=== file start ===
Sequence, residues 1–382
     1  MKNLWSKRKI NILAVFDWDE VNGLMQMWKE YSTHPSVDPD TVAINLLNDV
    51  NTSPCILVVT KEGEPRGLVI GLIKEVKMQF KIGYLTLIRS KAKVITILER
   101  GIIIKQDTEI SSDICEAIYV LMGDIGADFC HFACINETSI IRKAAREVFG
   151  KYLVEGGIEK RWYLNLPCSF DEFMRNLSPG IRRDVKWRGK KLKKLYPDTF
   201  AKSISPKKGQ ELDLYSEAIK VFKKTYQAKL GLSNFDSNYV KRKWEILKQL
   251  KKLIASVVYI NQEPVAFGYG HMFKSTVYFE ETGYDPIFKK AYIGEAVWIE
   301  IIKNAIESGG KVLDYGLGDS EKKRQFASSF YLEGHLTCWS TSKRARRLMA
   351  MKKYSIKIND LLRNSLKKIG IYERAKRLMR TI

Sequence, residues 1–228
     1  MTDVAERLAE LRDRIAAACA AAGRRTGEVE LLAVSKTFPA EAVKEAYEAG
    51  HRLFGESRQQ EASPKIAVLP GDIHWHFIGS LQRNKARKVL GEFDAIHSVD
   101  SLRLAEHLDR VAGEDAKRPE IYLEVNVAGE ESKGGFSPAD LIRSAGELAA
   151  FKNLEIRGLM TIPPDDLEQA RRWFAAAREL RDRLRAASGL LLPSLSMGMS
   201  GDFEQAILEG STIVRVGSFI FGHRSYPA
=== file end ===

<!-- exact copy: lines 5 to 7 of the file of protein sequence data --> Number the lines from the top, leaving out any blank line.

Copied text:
   151  KYLVEGGIEK RWYLNLPCSF DEFMRNLSPG IRRDVKWRGK KLKKLYPDTF
   201  AKSISPKKGQ ELDLYSEAIK VFKKTYQAKL GLSNFDSNYV KRKWEILKQL
   251  KKLIASVVYI NQEPVAFGYG HMFKSTVYFE ETGYDPIFKK AYIGEAVWIE